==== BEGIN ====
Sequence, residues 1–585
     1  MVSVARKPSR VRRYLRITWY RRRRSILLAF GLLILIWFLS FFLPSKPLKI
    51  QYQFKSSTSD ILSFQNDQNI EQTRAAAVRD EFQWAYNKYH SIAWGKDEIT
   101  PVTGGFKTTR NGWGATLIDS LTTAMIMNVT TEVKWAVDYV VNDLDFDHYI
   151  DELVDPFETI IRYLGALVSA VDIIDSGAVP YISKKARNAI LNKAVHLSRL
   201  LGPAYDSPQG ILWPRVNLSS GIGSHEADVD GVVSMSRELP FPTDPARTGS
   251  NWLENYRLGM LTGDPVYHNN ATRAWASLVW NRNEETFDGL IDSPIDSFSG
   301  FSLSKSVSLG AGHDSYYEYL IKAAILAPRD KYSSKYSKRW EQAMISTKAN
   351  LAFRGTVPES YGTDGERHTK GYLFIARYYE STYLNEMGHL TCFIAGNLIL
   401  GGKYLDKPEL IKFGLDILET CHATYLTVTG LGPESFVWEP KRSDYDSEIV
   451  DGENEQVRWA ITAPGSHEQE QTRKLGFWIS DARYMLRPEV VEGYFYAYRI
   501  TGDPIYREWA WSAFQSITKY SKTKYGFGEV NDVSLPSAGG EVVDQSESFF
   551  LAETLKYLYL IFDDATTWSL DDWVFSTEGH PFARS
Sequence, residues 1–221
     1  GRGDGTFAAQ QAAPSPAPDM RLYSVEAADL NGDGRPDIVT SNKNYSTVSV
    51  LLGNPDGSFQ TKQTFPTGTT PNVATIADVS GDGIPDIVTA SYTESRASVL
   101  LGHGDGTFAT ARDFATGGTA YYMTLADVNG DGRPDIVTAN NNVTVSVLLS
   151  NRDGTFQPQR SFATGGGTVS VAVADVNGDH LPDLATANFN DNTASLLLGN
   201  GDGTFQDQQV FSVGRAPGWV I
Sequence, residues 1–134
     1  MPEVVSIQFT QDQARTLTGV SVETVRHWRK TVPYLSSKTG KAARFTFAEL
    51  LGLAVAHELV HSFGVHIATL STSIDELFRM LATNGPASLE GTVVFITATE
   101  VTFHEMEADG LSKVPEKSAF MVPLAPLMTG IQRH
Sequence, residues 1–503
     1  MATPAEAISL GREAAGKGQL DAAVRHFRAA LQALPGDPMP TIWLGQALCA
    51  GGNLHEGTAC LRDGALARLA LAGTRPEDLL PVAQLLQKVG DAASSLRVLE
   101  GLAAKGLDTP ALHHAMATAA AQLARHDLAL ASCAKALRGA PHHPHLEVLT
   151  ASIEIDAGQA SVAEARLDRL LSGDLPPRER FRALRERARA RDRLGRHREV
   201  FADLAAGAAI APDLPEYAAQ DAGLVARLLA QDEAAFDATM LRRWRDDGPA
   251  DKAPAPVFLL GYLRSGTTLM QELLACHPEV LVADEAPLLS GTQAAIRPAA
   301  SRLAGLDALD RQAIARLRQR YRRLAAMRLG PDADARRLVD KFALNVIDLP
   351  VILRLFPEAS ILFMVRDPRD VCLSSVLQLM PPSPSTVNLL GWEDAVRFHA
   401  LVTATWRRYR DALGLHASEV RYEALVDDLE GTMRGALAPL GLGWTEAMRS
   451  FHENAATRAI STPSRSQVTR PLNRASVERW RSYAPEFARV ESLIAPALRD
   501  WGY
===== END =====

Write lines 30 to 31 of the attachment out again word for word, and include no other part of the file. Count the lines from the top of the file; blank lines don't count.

   251  DKAPAPVFLL GYLRSGTTLM QELLACHPEV LVADEAPLLS GTQAAIRPAA
   301  SRLAGLDALD RQAIARLRQR YRRLAAMRLG PDADARRLVD KFALNVIDLP